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Self-Identity, Empathy and Sympathy in Reading Transcripts

Godfrey, Barry S. (2004) Self-Identity, Empathy and Sympathy in Reading Transcripts. In: Narrative, Memory & Identity: Theoretical and Methodological Issues. University of Huddersfield, Huddersfield, pp. 59-66.

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When conducting oral history interviews empathetic relationships tend to be
created between the researcher and the subject, and this is seen as an essential
aid for historical and/or sociological analysis. This article examines the basis of
these empathetic relationships - the emotional reaction of the interviewer to
what is being narrated by the interviewee. It goes on to question whether it is
possible to maintain an emotional/empathetic relationship with ‘unlikeable’
subjects; whether the emotions created during an interview are retained when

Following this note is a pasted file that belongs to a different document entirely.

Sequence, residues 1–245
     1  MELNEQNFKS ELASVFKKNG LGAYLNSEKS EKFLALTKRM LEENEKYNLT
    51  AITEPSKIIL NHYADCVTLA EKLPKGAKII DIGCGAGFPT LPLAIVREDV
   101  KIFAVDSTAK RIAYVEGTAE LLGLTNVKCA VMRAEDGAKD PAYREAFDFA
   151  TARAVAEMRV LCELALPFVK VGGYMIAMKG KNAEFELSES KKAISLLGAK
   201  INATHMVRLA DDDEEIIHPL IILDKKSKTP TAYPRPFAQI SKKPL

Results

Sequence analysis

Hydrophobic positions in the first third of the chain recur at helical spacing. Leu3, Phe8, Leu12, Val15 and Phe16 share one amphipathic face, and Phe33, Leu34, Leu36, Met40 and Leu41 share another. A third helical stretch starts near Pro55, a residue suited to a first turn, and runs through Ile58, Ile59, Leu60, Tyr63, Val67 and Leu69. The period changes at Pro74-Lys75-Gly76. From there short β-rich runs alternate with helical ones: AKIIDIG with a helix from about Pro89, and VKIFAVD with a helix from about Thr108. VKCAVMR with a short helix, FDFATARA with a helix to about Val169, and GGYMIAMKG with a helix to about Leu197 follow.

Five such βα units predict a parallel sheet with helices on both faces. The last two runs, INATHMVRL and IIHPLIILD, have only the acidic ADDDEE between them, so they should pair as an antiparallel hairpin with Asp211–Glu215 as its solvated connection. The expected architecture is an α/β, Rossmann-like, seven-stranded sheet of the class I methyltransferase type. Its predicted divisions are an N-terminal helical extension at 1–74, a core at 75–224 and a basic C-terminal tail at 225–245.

the interviews are transcribed, archived, and accessed by researchers who did
not carry out the original interviews (sometimes many years after the
interviews took place). Lastly, it examines the implications that this may have
for interpretive analysis.

Item Type: Book Chapter
Additional Information: Copyright for chapters remain with individual authors at all times and permission should be sought from the author for any reproduction other than for personal use.
Subjects: H Social Sciences > H Social Sciences (General)
B Philosophy. Psychology. Religion > BF Psychology
Schools: School of Human and Health Sciences > Narrative and Memory Research Group > Narrative and Memory Research Group Annual Conference
School of Human and Health Sciences
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Depositing User: Cherry Edmunds
Date Deposited: 02 Jul 2009 15:30
Last Modified: 28 Aug 2021 22:52


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